When you create a
you define the connection URL, driver name, and the
username/password to use. This works perfectly well but does not "pool" the connections so that they
are efficiently opened/closed when needed to utilise datastore resources in an optimum way.
DataNucleus allows you to utilise a connection pool to efficiently manage the connections to the
datastore. You can do this using one of the following ways currently.
DataNucleus allows you to use connection pools (java.sql.DataSource) bound to a
with a JNDI name. You first need to
create the DataSource in the container (application server/web server), and
secondly you define the
with the DataSource JDNI name.
The following example uses a properties file that is loaded before creating the
PersistenceManagerFactory. The PersistenceManagerFactory is created using the JDOHelper.
Properties properties = new Properties();
// the properties file is in your classpath
PersistenceManagerFactory pmf = JDOHelper.getPersistenceManagerFactory("/yourpath/yourfile.properties");
Please read more about this in the Data Source Guide.
We could have used the DataNucleus plugin which internally creates a DataSource
ConnectionFactory, however we can also do this manually if we so wish. Let's demonstrate how
to do this with one of the most used pools
With DBCP you need to generate a
, which you will then
pass to DataNucleus. You do this as follows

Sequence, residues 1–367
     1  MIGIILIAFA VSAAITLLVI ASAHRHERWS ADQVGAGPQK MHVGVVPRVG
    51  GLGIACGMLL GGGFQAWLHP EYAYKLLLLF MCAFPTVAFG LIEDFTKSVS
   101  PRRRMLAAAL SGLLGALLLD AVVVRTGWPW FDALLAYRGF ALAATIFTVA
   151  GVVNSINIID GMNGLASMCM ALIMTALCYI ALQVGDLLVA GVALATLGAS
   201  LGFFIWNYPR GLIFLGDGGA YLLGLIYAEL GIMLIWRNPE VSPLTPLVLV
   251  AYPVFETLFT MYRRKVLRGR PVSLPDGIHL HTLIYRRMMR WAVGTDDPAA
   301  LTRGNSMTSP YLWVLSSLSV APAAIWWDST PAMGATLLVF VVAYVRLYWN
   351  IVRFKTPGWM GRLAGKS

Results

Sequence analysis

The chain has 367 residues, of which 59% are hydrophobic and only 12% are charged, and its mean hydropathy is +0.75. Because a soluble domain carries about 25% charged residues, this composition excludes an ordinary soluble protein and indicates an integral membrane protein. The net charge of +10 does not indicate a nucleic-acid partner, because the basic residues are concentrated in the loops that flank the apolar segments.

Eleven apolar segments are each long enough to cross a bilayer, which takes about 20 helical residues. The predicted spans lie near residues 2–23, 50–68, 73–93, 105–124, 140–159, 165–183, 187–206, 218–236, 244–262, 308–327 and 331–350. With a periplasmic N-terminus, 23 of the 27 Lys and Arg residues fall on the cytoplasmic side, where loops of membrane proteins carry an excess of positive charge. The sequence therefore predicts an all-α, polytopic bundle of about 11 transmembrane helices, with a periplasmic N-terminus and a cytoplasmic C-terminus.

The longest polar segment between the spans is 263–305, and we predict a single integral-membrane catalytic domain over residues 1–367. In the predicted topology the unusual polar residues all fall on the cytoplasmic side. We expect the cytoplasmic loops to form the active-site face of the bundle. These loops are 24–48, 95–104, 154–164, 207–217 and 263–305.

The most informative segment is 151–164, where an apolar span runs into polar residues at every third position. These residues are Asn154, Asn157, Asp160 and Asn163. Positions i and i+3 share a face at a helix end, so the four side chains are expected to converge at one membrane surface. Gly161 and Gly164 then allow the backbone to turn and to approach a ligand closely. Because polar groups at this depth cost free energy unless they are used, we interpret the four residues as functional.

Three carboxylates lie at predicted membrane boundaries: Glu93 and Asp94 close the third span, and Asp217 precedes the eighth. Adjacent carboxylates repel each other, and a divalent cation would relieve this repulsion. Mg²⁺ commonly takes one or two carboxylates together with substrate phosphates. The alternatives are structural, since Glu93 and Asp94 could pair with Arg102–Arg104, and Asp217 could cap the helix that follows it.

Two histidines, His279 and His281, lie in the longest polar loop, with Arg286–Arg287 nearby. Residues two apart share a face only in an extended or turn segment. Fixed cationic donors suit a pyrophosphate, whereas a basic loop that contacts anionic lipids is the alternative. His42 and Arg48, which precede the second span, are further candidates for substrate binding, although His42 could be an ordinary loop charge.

// Load the JDBC driver
// Create the actual pool of connections
ObjectPool connectionPool = new GenericObjectPool(null);
// Create the factory to be used by the pool to create the connections
ConnectionFactory connectionFactory = new DriverManagerConnectionFactory(dbURL, dbUser, dbPassword);
// Create a factory for caching the PreparedStatements
KeyedObjectPoolFactory kpf = new StackKeyedObjectPoolFactory(null, 20);
// Wrap the connections with pooled variants
PoolableConnectionFactory pcf =
new PoolableConnectionFactory(connectionFactory, connectionPool, kpf, null, false, true);
// Create the datasource
DataSource ds = new PoolingDataSource(connectionPool);
// Create our PMF
Map properties = new HashMap();
PersistenceManagerFactory pmf = JDOHelper.getPersistenceManagerFactory(properties);
Note that we haven't passed the
to the PMF since we
no longer need to specify them - they are defined for the pool so we let it do the work.
As you also see, we set the data source for the PMF. Thereafter we can sit back and enjoy
the performance benefits. Please refer to the documentation for DBCP for details of its
configurability (you will need
in your CLASSPATH to use this above example).